State groups urge Federal Reserve to buy wide range of munis

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Groups representing states and localities are urging the Federal Reserve and Treasury to create new programs to buy a wider range of securities and help municipalities grappling with revenue delays due to the coronavirus.

In a letter sent to the Fed and Treasury this week, the National Association of State Treasurers, Government Finance Officers Association and the National Association of State Auditors, Comptrollers and Treasurers pushed for the Fed to buy munis on secondary market and create a financing program to help municipalities struggling with late revenues.

“As you know, an historic cash panic, prolonged paralysis in the primary municipal bond market, and impending budget shocks stemming from the pandemic have all culminated at once, forcing many businesses and nearly every state and local government into an unprecedented state of damage control,” the groups wrote in the letter. “Absent support for the municipal debt market, state and local government budgets will be further stressed at the most inopportune time, particularly as revenues decline as a result of business closures and rising unemployment.”

Last week, Congress passed a $2 trillion COVID-19 emergency relief bill — the Coronavirus Aid, Relief and Economic Security Act — encouraging the Fed to start voluntary purchases of longer-maturity municipal securities through a new $454 billion Economic Stabilization Fund. That fund will provide direct lending, loans, loan guarantees among other investments to support the Fed’s lending facilities.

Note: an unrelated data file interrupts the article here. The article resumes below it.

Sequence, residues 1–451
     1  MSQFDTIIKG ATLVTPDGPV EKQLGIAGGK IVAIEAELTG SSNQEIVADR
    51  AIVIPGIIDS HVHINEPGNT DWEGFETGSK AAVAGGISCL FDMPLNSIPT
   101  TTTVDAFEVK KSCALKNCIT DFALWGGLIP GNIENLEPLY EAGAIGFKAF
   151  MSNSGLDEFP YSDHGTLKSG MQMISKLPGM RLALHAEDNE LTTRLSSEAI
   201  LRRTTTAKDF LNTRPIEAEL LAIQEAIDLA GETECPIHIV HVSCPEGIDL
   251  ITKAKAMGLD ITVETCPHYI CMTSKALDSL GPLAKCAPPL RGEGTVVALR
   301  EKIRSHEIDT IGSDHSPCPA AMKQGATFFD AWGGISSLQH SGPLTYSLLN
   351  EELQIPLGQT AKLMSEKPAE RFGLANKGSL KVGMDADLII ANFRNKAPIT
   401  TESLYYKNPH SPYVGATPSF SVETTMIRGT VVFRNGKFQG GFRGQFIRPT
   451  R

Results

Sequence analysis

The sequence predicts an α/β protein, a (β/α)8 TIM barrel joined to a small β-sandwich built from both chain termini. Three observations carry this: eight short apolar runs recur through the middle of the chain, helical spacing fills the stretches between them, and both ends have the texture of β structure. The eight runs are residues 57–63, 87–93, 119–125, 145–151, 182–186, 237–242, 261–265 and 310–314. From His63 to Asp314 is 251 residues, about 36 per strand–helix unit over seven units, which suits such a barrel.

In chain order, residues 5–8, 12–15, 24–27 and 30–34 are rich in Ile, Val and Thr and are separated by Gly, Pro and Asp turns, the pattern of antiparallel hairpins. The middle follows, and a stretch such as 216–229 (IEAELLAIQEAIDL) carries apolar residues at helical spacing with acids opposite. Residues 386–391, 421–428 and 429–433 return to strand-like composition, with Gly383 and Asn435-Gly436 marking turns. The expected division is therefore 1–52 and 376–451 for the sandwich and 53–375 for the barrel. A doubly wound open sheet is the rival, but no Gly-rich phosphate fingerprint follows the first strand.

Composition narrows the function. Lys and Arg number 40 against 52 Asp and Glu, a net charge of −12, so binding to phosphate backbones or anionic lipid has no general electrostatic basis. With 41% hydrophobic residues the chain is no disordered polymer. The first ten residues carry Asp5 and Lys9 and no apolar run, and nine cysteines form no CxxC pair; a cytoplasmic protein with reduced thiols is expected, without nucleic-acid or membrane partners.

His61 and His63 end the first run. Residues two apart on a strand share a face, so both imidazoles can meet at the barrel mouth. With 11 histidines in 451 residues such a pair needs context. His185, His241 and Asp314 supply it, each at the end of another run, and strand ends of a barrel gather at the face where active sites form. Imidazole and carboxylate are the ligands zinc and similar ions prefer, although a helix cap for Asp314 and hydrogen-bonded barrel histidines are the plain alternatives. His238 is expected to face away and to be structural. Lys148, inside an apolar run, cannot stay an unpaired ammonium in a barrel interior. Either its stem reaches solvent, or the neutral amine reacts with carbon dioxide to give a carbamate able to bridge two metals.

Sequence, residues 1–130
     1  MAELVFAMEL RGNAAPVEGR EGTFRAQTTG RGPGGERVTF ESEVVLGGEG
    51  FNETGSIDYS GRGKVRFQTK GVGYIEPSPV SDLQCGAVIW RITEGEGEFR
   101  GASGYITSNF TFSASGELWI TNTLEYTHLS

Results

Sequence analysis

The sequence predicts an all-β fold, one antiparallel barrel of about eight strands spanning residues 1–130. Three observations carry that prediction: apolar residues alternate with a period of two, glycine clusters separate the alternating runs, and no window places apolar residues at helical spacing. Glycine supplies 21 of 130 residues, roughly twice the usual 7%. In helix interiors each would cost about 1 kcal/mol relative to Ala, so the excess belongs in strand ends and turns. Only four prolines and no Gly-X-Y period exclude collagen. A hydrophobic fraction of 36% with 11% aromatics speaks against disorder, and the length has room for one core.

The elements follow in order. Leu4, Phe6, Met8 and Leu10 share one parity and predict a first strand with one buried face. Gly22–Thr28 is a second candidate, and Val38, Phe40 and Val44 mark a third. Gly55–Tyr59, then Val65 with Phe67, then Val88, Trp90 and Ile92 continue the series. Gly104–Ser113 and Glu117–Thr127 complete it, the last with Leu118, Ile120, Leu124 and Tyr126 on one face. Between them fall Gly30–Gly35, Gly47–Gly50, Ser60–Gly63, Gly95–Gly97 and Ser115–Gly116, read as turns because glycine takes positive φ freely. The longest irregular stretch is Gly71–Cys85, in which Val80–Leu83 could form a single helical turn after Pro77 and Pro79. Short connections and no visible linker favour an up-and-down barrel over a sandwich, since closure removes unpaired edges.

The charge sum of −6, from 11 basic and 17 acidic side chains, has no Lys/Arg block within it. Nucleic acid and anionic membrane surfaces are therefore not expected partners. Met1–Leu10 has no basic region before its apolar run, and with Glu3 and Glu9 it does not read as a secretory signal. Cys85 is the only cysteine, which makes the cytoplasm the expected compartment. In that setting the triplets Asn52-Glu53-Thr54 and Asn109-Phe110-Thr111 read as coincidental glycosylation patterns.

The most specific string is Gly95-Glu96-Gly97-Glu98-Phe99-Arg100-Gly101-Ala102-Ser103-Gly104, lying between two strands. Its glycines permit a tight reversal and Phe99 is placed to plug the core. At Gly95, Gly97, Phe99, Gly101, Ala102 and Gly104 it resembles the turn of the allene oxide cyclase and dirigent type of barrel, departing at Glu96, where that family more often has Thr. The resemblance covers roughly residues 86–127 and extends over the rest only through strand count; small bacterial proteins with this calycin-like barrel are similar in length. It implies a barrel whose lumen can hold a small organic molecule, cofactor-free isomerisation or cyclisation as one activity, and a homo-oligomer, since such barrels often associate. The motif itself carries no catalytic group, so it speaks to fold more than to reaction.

Christopher Morrill, GFOA's executive director and CEO, was among others that wrote a letter to the Federal Reserve and Treasury.

The groups recommended to the Fed that it create a temporary Municipal Securities Purchasing Facility, which asks the Fed to buy municipal securities in the secondary market.

Over the last few weeks, the primary market has fumbled and essentially been at a standstill, though it has slowly been making a comeback after the CARES Act was passed.

“The primary market freeze that is denying many municipal issuers the credit they need stems directly from pressures in the secondary market, which drives bond valuations in our market,” the letter said. “We believe the most effective way to normalize the volume of primary issues is for the Fed to begin purchasing a large and diverse array of municipal securities in the secondary market.”

However, groups are worried that if the new facility under the CARES Act comes up short of expectations, the market will take a turn for the worse.

“A lot of this confidence coming in has been a result of expectations,” said Brian Egan, NAST policy director. “There is a valid concern that if expectations aren’t met, for all markets, we can risk some of those gains.”

The groups want their new recommended facility to support securities from all types of issuers with a diverse array of credit ratings and terms.

“We appreciate the Federal Reserve’s actions to date, which have provided targeted relief on the short end of the municipal markets, but municipal market benchmarks are largely driven by longer-term maturities,” the letter said. “Therefore, the Federal Reserve must also include longer-term municipal securities (with maturities up to 30- years) in its purchasing programs.”